Ever Had A Concussion? Here Are 5 Ways To Heal Your Brain & Reduce Lingering Inflammation

Author and Professor of Medicine By Terry Wahls, M.D.
Author and Professor of Medicine
Terry Wahls, M.D. is a Professor of Medicine at the University of Iowa, where she conducts clinical research on the use of diet and lifestyle to treat brain-related problems. She received her master's in medicine from The University of Iowa, as well as her master's in business administration from the University of St. Thomas.
Ever Had A Concussion? Here Are 5 Ways To Heal Your Brain & Reduce Lingering Inflammation

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Over 2 million concussions, also known as mild traumatic brain injuries (TBI), occur each year. They are most often due to falls, slips, motor vehicle accidents, and sports-related injuries. Many veterans develop TBIs as a result of blast exposures related to their military service, and concussions can also be the result of a fight, assault, or domestic violence.

Fortunately, the vast majority of TBIs are mild and don't require hospitalization. Doctors usually tell patients to wait for time to pass and some prescribe psychiatric medications if symptoms are severe. Post-concussion symptoms can include nausea, headaches, light and sound sensitivity, and increased irritability. These symptoms can linger for months or even years, interfering with the ability to function at school, work, and home.

Healing your brain after an injury.

Our knowledge of how, exactly, a TBI contributes to the development of persistent headaches, irritability, and other neurobehavioral symptoms is growing as more research is performed. Right now we know that a blow or blast to the head stretches the axons (or wiring) connecting the brain cells, which damages the axons and causes a release of compounds that markedly increase inflammation in the brain. The insulation in the brain, called myelin, is also damaged. After a TBI, the brain needs more energy to heal, which means the mitochondria (the cells’ power plants) need to produce more energy. Higher levels of inflammation, myelin damage, and greater demands on mitochondria contribute to the development and worsening of post-concussion symptoms.

The current treatment for concussions and TBI is rest and time. These are helpful, but there is more that you can do. For several years I worked in a traumatic brain injury clinic where we treated veterans of the Iraq and Afghanistan wars who had persistent neurobehavioral symptoms that got worse for months or even years. Many of these individuals lost their jobs and their families during that time.

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Your diet and lifestyle matter.

In my time working with veterans, I saw a lot of suffering from chronic headaches, severe fatigue, brain fog, poor memory, irritability, anger, and rage issues. Many patients thought there was no cure for their symptoms; however, we were often able to help them markedly reduce their pain, improve their energy levels and memory, and stabilize their mood by focusing specifically on what they ate and what they did each day. This treatment program was designed to help patients by:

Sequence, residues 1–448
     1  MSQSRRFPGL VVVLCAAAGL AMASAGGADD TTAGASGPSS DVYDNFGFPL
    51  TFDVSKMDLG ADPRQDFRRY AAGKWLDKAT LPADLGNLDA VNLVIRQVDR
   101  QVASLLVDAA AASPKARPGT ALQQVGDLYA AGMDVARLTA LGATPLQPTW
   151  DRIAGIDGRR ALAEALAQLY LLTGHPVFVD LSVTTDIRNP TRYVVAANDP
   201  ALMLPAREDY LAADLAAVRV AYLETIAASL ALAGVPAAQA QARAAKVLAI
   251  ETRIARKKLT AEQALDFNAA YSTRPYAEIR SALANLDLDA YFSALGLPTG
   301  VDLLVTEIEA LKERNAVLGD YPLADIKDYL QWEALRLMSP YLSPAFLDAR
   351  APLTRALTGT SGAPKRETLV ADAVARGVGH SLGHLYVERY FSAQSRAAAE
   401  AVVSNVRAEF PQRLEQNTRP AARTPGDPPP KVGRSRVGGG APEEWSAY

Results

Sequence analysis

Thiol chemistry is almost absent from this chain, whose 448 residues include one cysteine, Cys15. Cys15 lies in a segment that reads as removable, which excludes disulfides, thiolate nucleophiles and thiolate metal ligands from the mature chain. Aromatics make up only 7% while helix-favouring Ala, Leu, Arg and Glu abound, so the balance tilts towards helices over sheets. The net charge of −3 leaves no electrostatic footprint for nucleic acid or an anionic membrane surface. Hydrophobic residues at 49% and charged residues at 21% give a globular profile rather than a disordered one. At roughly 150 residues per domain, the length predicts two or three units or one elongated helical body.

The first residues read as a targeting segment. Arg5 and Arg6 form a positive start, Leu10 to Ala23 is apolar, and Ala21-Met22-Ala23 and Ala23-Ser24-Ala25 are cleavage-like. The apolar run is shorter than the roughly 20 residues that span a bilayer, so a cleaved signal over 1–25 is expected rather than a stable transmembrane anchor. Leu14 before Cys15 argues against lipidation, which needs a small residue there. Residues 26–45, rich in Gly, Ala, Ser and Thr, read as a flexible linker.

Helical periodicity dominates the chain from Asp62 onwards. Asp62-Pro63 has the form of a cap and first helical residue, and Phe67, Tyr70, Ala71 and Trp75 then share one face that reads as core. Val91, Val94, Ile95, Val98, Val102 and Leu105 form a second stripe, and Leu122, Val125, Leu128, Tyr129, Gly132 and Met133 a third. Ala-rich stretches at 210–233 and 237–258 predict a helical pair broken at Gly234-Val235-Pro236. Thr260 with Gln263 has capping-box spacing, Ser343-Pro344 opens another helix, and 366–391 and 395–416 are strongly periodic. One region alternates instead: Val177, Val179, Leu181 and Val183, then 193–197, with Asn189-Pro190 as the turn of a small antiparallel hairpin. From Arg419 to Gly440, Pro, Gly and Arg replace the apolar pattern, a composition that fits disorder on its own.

• giving them the building blocks their brains needed to repair damage to axons and myelin
  • reducing inflammation in the brain by focusing on more vegetables and berries in the diet
  • improving mitochondrial function using a nutrient-dense diet and targeted vitamins and supplements
  • increasing the production of the brain nerve growth factors that tell the brain to repair the damage by increasing physical activity

You post-concussion treatment plan.

We accomplished these treatment goals by instructing our patients to implement the following diet and lifestyle changes:

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1. Eliminate sugar and other high-glycemic-index foods.

Foods like white bread, white potatoes, and pasta increase blood sugar levels and inflammation in the brain.

2. Follow a no-grain or low-grain diet.

Eat only gluten-free grains for at least 30 days (preferably 100 days) to see if symptoms are reduced. Gluten sensitivity is common and often undiagnosed, and removing it can reduce inflammation and get you back on track.

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3. Eat more vegetables.

A lot more. Adding nonstarchy vegetables and berries reduces inflammation and feeds health-promoting bacteria in the gut, which improve mood and cognitive ability.

4. Be aware of fat intake.

Reduce the intake of omega-6 fats (vegetable oils) and increase intake of omega-3 fats, such as wild fish and grass-fed meat.

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5. Adopt a stress-reducing practice.

Many people with concussions or TBI have post-traumatic stress disorder as a result of the injury, or they simply have a lot of stress because of their continued symptoms. A stress-reducing practice—anything from fishing, hunting, gardening, meditation, prayer, or taking an Epsom salt foot or body soak—can reduce stress hormones and inflammation and lessen symptoms.

Terry Wahls, M.D.
Terry Wahls, M.D.
Terry Wahls, M.D. is a professor of medicine at the University of Iowa, where she conducts clinical...
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Terry Wahls, M.D.
Terry Wahls, M.D.
Terry Wahls, M.D. is a professor of medicine at the University of...
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